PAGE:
Like fashion, resumes are also changing. Whatever you might have learned, which might be 20 years old, is no longer the done thing. So, if what you have is passe, invest the time to make it contemporary.
When most of us talk about ourselves, we know who we are, and we can sound boring. Check that you are using an active voice, showing that you accomplished things. The same can be said for filler text. Recruiters appreciate candidates that do not waste time. So be ruthless when you edit and crop out whatever does not hammer home the specific skill you have that relates to the job they require, or explains how you got to the point where you are now.
This brings us to the other point. People can claim all sorts of stuff. Recruiters sense mendacity when the evidence you offer does not stack up. Claiming 20 years of experience and only graduating 10 years ago is an obvious red flag. The same applies to overlapping dates and omissions in critical experience necessary to do a job. Ensure that everything fits together. While you might think you can just apologize for being sloppy, that will count against you in the eyes of a recruiter.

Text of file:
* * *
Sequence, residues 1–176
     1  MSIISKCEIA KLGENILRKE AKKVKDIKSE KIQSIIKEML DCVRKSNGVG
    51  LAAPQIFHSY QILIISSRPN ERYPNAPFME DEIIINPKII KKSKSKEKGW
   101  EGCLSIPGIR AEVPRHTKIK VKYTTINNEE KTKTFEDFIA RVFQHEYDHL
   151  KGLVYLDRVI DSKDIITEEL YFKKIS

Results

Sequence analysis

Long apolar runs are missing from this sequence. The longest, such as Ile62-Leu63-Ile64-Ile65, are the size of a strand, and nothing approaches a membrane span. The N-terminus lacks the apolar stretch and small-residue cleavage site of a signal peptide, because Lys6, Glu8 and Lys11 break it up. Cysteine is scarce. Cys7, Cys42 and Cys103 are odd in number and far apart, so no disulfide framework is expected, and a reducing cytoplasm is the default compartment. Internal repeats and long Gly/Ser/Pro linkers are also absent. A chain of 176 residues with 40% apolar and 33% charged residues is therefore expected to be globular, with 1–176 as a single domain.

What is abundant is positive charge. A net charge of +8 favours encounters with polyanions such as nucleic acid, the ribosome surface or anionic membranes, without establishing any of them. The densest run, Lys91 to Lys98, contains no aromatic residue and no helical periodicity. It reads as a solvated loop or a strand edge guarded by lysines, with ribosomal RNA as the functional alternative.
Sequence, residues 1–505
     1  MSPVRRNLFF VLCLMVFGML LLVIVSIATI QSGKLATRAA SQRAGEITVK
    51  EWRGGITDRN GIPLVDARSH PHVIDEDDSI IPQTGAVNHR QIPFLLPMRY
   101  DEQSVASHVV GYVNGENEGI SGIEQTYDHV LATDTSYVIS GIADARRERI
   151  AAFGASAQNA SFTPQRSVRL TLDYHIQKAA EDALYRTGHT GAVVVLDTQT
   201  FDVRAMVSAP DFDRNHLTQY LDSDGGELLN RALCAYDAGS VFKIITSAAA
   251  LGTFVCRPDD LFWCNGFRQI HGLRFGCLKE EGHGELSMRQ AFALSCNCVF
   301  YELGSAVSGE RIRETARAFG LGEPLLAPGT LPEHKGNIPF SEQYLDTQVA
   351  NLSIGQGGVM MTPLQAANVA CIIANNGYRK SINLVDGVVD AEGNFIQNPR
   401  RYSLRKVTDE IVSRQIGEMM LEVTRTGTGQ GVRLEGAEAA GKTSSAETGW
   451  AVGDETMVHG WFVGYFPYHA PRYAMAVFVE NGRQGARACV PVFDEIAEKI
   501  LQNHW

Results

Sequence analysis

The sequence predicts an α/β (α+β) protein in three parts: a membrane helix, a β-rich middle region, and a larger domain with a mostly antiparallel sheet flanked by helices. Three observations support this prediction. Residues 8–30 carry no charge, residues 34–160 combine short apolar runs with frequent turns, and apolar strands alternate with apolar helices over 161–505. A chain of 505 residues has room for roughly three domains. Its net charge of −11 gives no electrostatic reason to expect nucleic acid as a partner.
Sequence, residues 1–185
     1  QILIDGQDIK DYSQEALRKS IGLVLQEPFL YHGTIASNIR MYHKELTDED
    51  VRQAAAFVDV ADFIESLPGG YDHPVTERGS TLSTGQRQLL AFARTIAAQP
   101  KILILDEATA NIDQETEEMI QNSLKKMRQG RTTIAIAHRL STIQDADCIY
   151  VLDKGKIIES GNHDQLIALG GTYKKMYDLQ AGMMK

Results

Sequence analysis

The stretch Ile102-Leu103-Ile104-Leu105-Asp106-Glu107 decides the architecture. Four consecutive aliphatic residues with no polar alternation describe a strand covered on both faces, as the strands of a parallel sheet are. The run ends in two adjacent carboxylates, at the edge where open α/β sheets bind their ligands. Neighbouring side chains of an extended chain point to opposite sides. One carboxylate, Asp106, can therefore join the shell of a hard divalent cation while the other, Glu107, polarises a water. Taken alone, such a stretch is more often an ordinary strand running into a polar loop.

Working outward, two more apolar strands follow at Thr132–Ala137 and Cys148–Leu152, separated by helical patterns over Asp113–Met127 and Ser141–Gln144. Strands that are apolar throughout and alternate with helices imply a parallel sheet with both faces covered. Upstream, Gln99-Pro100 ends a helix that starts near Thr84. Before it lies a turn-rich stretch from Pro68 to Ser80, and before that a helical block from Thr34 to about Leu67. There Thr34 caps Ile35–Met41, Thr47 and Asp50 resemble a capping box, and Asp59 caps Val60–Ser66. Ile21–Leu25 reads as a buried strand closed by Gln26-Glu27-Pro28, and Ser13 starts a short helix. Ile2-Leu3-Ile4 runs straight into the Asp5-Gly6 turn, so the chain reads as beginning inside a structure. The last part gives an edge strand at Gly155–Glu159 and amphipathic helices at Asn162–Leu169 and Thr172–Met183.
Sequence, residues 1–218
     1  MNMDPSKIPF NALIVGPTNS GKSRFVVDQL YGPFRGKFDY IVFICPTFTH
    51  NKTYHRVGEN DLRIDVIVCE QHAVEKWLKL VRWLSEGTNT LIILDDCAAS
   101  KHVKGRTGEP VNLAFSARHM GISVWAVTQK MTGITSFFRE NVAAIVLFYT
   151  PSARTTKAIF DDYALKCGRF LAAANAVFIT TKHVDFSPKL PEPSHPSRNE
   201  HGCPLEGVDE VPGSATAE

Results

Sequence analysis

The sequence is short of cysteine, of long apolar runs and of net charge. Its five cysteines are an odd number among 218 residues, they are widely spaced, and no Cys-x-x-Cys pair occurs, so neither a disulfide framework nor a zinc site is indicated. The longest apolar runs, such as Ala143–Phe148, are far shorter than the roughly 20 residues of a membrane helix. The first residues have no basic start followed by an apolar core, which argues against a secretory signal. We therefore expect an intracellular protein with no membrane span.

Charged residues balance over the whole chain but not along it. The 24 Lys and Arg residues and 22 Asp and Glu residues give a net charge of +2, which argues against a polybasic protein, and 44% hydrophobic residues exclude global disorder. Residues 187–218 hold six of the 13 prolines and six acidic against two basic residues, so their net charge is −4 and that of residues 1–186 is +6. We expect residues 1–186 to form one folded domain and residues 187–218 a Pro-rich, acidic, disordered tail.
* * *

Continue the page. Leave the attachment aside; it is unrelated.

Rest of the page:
It is doubtful that you will have all the skills wanted. But this is where a cover letter comes in. The cover letter can build the bridges between what you know, are learning, and would be able to pick up quickly based upon what you have already done, your attitude, and what else you bring to the table. Even if your procrastination voice is telling you, you do not need to send a cover letter, ignore it. It’s wrong you need both a cover letter and a resume to get a job.
The only things in life that are certain, are death and taxes. But if you look around, change too is a certainty. So be prepared to take your skills elsewhere and be among the first to respond when opportunity knocks.